The truth behind the proposed shelter in Glendale
by Craig Schwab
May 08, 2019 | 7035 views | 0 0 comments | 620 620 recommendations | email to a friend | print
There is a dignity required in a civilized society that represents our ability to be cognizant of one another's rights as people. The most recent display of activism by residents of Glendale to stop what is a proposed a homeless shelter on Cooper Avenue can be viewed in different ways.

The word activism is defined as, "the policy or action of using vigorous campaigning to bring about political or social change." It is a word and action synonymous with our present everyday life.

We wake up every day to some kind of activism on subjects and topics both politically and socially motivated. When actions or words are shared, in a way that questions the integrity of activism, there is an immediate disconnect related to accomplishing any intended goal.

On one level of understanding, a group of men and women with intentions of stopping a homeless shelter have every right to exhibit their views against having it built in the proximity of residential areas and local schools.

However, when doing so, no matter how peacefully and organized their protest, common sense and respect must always be a part of the campaign. Any activism without integrity can quickly be viewed as mob behavior.

It was poor judgment on behalf of the individuals demonstrating at the home of Michael Wilner in Jericho, Long Island, to extend their protests to his house of worship.

Such an act places him in an entirely different light. He quite possibly now enjoys a level of support from his community that may not have been there before.

At the core of the efforts to stop the building of a shelter in favor or a much-needed school, several factors must be addressed. Two entirely different narratives are being shared simultaneously by local officials and the ongoing construction representatives at the site itself.

If, in fact, there is truth to either side in the ongoing struggle to define what is being built, someone is not sharing the truth. In some circles residents are being informed that the mayor is behind having a school built at the location.

In other circles, residents are told about the mayor's initiatives to have local communities housing homeless men and women as something he labels our civic duty.

The culprit in this situation is escaping the proper ridicule by actively playing both sides against the middle. In this situation, the mayor can put an end to the strife by providing the community with the truth.

The activism, while noble in a concerted effort to stop the building of a shelter, invites scrutiny. The neighborhood itself becomes easy prey for individuals who see the housing of individuals in need of help as an act of humanity.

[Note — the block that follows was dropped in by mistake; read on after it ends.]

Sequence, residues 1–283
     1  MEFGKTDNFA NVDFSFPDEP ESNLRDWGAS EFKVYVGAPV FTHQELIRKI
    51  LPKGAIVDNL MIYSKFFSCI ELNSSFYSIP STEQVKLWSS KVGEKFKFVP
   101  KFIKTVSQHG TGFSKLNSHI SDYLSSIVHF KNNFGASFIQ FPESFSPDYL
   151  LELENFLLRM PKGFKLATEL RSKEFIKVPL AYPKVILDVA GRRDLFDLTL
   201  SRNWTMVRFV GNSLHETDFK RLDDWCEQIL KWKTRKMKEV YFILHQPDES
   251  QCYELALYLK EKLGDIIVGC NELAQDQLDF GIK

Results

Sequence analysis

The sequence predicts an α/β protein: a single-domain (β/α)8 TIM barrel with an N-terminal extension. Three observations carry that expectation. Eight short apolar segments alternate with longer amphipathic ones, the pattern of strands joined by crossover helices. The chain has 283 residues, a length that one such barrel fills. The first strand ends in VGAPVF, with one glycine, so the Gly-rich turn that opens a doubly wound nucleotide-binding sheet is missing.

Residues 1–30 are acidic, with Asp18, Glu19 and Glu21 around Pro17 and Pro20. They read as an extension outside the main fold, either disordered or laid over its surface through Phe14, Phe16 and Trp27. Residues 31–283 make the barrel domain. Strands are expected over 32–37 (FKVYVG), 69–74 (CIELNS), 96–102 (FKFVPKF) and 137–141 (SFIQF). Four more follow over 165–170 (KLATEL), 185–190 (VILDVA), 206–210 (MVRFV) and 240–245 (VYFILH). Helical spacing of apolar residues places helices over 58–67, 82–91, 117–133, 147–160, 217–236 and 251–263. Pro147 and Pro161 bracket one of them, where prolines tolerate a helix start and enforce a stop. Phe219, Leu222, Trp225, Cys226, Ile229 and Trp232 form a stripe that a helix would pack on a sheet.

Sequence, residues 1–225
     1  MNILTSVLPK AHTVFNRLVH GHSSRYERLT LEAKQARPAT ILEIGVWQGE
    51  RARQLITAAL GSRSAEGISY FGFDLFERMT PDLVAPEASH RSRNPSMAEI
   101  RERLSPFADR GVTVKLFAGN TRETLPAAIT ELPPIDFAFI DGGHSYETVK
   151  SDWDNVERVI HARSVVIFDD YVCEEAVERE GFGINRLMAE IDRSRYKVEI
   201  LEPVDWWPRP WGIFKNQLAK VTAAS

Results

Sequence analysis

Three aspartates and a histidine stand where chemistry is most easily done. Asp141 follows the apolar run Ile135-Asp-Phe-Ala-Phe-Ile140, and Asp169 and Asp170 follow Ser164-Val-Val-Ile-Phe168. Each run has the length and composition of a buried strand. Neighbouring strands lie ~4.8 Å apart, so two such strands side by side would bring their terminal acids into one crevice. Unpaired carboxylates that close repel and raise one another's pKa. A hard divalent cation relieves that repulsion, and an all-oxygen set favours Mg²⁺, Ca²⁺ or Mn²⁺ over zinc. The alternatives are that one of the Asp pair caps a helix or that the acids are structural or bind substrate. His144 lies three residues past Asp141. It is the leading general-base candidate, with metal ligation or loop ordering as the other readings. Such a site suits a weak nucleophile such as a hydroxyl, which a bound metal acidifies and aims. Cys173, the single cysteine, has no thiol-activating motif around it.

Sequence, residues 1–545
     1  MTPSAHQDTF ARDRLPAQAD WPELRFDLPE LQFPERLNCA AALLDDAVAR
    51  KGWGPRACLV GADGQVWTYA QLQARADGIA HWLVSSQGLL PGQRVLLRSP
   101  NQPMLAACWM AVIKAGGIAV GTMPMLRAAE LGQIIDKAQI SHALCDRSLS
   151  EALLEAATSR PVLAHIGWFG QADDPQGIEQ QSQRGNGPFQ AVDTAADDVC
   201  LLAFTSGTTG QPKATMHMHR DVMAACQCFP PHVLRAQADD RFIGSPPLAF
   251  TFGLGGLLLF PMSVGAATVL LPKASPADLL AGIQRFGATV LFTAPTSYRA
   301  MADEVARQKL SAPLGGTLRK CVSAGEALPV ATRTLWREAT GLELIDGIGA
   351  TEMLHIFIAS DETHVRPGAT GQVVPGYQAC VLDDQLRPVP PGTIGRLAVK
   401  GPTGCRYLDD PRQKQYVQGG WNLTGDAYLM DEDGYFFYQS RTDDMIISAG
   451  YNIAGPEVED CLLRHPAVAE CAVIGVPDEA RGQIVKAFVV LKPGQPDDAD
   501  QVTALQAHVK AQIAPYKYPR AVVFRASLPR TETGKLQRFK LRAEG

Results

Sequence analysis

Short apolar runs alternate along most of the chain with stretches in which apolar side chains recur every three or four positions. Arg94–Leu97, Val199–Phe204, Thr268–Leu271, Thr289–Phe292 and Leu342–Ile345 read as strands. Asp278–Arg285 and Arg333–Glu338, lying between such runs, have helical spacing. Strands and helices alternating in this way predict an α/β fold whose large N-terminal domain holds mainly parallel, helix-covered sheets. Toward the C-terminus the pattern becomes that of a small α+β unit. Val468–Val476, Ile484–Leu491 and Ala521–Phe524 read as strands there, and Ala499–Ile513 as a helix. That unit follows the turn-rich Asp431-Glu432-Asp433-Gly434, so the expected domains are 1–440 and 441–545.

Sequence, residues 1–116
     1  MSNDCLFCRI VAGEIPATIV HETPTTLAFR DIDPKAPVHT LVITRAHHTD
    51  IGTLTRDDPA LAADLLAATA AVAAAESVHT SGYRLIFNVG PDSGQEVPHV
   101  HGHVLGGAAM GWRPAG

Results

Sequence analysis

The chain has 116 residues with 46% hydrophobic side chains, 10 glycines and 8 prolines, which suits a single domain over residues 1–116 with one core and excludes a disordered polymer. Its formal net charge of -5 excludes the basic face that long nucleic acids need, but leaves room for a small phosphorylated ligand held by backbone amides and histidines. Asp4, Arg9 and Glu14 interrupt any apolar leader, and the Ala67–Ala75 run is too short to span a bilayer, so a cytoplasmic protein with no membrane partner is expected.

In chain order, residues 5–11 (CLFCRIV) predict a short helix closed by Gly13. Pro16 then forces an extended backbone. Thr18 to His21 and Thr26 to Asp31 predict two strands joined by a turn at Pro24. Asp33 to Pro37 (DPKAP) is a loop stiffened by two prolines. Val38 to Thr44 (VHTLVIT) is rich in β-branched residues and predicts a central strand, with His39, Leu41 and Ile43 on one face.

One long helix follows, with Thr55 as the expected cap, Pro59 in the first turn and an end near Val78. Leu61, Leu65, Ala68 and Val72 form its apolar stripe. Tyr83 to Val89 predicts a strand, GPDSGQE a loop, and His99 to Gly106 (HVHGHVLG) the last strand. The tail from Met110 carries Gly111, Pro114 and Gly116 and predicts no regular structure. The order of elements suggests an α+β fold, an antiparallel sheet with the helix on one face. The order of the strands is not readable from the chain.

No one will deny such facilities are necessary and warranted. To quickly label anyone against it being built as uncaring lacks the perspective of understanding of where it is being built, which has nothing to do with why it is needed.

Beyond the scope of these particulars in explaining the ongoing efforts of all concerned, another questionable part of the bigger story is missing. The site itself on Cooper Avenue has not been without controversy.

Several stories in local papers reported the site housed toxic waste. Environmental studies were supposedly conducted adhering to this being true. We must question the integrity of these studies if there is a willingness to place homeless individuals or students at this site.

Again, the question has to be raised related to who's telling the truth? In recent months, workers were reportedly removing asbestos. Do toxic waste conditions with reports of chemicals seeping in to the ground disappear because asbestos was removed? Common sense dictates otherwise.

If we take a step back for a moment and look at the big picture, it becomes obvious where the energies need to be focused. While Michael Wilner can be seen as an opportunist, we must question who is providing him with the opportunity.

In the film “The Magnificent Seven,” a young Yul Brenner plays Chris, who is hired by villagers to protect them from a tyrant and bullies. Chris, seeking to find help from men who can assist him, is in a bar with the villagers.

One villager sees a man standing at the bar with scars on his face. He asks Chris, "look at him?" Chris responds by saying, "We need the person who gave him those scars."

The point is the efforts to publicly embarrass Michael Wilner are not without merit. However, he's the person wearing the scars, when what is needed is the person who put him in this position.

Craig Schwab is a Glendale resident and author of the novel Something in the Neighborhood of Real.

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